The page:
Friday, October 18, 2019

High-street retail considerations for older shoppers

Technology is advancing amongst the high-street quicker than ever before, with the likes of scan-on-the-go and self-service checkouts being introduced. Because of this, elderly shoppers are starting to find it difficult to keep up with these technical trends that are constantly changing the shopping experience.

Anchor had released a report, that found that older shoppers are feeling they aren’t getting catered for in high street shops. With this comes a warning that if things aren’t improved, high street shops are at risk of losing up to £4.5 billion in lost trade each year by 2030.

The report, entitled ‘Older generations to rescue the high street’, reveals that:

  • 23% of older people aged 70+ say they feel ‘shut out’ from the high street.
  • 60% of older people are concerned about the limited seating that is provided in shopping areas, including inside shops.
  • 33% of older people would feel embarrassed to ask for a seat in a public place.
  • 24% of older people are put off by self-checkout machines.

“Going shopping is something most of us take for granted and yet many thousands of older people feel excluded from our high streets. This is an issue not to be overlooked, as it increases older people’s isolation and loneliness, in turn affecting health and wellbeing. It’s also important for retailers who are missing out on huge amounts of revenue. We must value older people – everyone should have the chance to live life to the fullest, regardless of age,” was one comment from Jane Ashcroft CBE, the Chief Executive of Anchor.

The charity is calling more retailers to stand behind it’s ‘Standing Up 4 Sitting Down’, which is campaign in place to tackle loneliness and improve overall health amongst the older generation. This is a national initiative encouraging retailers to provide seating for its older customers in shops. Now, there are more than 1,500 across the country which have signed up to the scheme, including Sainsburys and Morrisons. But more are needed.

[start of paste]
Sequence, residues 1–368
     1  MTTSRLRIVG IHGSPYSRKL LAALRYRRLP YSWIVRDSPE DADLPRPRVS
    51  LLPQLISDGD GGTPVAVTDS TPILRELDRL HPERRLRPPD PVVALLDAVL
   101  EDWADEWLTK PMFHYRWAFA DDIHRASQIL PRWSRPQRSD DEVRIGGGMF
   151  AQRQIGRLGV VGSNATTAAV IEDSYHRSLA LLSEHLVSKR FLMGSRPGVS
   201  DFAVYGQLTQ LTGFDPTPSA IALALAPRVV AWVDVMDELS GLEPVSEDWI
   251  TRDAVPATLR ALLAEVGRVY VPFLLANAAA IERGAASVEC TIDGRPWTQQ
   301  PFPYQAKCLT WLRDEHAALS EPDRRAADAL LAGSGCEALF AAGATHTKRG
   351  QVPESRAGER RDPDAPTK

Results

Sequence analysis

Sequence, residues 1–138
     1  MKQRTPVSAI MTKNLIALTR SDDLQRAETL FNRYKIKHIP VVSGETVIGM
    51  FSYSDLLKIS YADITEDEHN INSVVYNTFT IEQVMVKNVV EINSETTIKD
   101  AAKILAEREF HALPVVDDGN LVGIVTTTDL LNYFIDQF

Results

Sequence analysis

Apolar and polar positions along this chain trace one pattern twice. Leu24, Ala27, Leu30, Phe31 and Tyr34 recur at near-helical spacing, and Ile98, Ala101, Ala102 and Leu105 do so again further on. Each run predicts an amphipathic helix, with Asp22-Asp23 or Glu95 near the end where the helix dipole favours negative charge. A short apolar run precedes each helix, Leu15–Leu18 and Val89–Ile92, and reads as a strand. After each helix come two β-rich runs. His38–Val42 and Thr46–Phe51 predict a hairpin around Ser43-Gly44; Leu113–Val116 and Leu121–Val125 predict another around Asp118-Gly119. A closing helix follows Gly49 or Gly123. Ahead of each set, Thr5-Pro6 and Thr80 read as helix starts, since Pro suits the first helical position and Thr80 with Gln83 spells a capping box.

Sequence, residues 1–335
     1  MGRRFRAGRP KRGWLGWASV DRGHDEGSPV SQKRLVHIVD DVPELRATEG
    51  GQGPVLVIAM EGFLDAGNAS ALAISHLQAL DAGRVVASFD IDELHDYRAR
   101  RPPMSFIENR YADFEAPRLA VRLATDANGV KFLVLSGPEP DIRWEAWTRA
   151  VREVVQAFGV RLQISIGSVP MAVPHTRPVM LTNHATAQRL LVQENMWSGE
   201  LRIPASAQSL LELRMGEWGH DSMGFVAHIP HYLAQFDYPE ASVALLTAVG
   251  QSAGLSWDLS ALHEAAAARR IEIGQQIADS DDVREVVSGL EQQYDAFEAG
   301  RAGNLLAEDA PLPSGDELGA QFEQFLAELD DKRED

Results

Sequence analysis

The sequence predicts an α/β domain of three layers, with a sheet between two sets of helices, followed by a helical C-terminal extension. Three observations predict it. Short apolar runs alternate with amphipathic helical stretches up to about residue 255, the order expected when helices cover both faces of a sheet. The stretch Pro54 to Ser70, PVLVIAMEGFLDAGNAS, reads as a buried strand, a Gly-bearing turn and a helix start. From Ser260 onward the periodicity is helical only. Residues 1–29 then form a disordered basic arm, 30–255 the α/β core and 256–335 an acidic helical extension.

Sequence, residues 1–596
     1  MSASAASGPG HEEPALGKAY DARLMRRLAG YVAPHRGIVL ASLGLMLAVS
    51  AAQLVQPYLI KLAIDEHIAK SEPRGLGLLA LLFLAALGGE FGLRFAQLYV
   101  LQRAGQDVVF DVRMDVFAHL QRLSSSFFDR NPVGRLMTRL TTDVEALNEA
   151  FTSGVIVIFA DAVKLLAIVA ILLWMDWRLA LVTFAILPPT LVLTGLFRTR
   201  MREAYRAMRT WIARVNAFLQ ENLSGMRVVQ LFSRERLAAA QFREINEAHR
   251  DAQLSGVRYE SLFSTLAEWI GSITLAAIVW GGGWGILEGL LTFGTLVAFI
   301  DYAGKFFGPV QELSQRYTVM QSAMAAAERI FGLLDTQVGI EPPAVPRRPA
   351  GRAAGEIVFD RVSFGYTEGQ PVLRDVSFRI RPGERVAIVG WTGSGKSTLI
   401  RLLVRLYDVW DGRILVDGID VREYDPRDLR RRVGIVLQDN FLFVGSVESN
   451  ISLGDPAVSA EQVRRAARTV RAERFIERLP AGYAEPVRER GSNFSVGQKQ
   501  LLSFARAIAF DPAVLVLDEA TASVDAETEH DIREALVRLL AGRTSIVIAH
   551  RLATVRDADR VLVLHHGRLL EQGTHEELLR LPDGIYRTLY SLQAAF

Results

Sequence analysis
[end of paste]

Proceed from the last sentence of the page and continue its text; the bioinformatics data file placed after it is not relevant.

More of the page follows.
If the high streets continue to lack an age-friendly environment then they could be at risk of losing out on billions of pounds of revenue each year, due to increase in the younger generation shopping online. Therefore, the high-street is reliant on the older generation to keep in-store shopping alive.

The Foresight Director at the Centre for Future Studies, Dr Frank, has created a report for Anchor. He pointed out that: “Baby boomers are an economic force to be reckoned with. As they enter older age, their refusal to retire quietly is an opportunity to reinvigorate the high street, transforming it into a diverse, prosperous, and age-friendly environment. The alternative, £4.5bn annual losses and the death of the high street, will be devastating not just for older people but for everyone.”

It’s important to make stores more accessible for this audience. These include placing in-store seating areas where people can take a rest if they need to, and a return to a good old-fashioned service by real human beings, rather than impersonal and sometimes confusing automated checkouts, and even stairlifts when elevators aren’t present. For some older people, especially those who live alone, the social interaction they get while out shopping is extremely important.

Because of online shopping rapidly increasing, investing in these technologies could be a bad move for retailers. Don’t alienate your older customers, as providing a mix of checkout options to suit the differing needs to shopping would be a more sensible route.

Download the report here.

Learn more about the “Stand Up 4 Sitting Down” campaign here.

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